A look at decision-making in Vietnam.
national security decision-making
In a blast from the past, Kennedy and Johnson staffer turned Harvard professor James C. Thompson looks at how the tragedy that was the Vietnam War unfolded. This Atlantic article was originally published in April 1968. He opens with a straightforward inquiry. "One question that will certainly be asked: How did men of superior ability, sound training, and high ideals—American policy-makers of the 1960s—create such costly and divisive policy?" He goes into a lengthy and illuminating look at the institutional and historical factors that crippled the national security decision-making apparatus. This is a fascinating read in and of itself. But if you are to do nothing else, read the below excerpt with which he closed his essay and ask yourself if we will ever learn.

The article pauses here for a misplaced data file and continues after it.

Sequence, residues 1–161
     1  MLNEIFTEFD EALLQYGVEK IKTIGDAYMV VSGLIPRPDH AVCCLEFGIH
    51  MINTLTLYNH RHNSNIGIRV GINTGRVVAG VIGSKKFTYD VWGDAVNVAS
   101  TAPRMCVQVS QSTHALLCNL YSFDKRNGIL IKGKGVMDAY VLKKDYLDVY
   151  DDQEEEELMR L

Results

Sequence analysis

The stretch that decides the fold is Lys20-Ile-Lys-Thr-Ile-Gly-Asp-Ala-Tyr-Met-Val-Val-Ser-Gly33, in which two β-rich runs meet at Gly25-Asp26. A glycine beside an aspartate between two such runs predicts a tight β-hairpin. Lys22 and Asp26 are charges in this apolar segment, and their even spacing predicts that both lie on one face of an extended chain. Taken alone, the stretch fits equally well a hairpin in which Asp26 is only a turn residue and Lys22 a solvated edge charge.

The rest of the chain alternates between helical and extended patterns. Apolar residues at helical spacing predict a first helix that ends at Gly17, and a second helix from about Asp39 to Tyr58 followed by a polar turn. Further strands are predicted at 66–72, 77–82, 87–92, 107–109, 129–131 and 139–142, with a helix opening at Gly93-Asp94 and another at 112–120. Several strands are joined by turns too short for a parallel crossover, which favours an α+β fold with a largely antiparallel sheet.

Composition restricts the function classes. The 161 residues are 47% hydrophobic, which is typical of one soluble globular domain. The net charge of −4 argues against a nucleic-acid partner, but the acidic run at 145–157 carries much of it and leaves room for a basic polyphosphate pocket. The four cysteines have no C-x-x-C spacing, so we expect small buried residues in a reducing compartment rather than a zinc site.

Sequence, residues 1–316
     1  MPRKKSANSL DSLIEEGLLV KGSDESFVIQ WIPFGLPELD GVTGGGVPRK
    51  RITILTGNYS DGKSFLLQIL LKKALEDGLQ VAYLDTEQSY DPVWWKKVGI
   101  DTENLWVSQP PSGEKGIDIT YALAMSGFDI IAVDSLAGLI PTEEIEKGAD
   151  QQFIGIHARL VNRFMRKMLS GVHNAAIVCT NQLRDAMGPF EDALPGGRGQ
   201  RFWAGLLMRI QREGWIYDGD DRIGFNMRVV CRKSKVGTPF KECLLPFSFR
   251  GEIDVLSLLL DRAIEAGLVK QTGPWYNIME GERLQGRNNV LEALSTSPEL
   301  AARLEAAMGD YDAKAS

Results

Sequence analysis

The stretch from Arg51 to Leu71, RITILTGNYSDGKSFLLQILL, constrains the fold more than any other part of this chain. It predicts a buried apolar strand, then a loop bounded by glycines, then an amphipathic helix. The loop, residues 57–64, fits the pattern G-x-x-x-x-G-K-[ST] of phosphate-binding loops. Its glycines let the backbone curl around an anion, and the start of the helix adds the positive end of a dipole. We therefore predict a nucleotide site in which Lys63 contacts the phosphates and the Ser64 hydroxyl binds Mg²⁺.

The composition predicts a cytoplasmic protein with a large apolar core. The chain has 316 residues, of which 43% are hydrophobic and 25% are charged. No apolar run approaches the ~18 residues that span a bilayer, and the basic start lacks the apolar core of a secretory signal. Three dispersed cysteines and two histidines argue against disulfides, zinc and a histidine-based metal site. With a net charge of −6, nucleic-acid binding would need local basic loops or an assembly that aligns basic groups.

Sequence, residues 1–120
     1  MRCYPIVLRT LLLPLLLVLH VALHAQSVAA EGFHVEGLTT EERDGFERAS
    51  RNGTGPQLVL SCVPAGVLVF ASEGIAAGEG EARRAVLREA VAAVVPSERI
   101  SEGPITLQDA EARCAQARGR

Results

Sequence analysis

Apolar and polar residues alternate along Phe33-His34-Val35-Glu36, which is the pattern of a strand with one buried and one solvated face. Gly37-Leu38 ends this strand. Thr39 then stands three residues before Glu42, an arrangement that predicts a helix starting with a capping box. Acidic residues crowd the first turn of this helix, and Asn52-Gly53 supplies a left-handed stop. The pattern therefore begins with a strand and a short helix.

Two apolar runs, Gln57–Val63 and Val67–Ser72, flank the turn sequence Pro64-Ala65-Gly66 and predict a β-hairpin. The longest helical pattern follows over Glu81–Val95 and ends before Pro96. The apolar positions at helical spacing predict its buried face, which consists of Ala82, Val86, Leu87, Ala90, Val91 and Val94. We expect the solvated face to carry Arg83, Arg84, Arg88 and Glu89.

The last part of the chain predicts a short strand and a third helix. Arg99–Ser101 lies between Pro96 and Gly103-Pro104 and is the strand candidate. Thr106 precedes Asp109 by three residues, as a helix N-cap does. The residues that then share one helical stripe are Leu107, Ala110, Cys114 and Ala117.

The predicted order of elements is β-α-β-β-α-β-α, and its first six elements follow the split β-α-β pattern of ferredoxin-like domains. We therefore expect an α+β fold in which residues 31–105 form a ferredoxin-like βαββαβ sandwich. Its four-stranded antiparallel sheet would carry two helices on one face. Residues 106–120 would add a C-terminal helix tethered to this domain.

Long before I went into government, I was told a story about Henry L. Stimson that seemed to me pertinent during the years that I watched the Vietnam tragedy unfold—and participated in that tragedy. It seems to me more pertinent than ever as we move toward the election of 1968.
In his waning years Stimson was asked by an anxious questioner, "Mr. Secretary, how on earth can we ever bring peace to the world?" Stimson is said to have answered: "You begin by bringing to Washington a small handful of able men who believe that the achievement of peace is possible.
"You work them to the bone until they no longer believe that it is possible.
"And then you throw them out—and bring in a new bunch who believe that it is possible."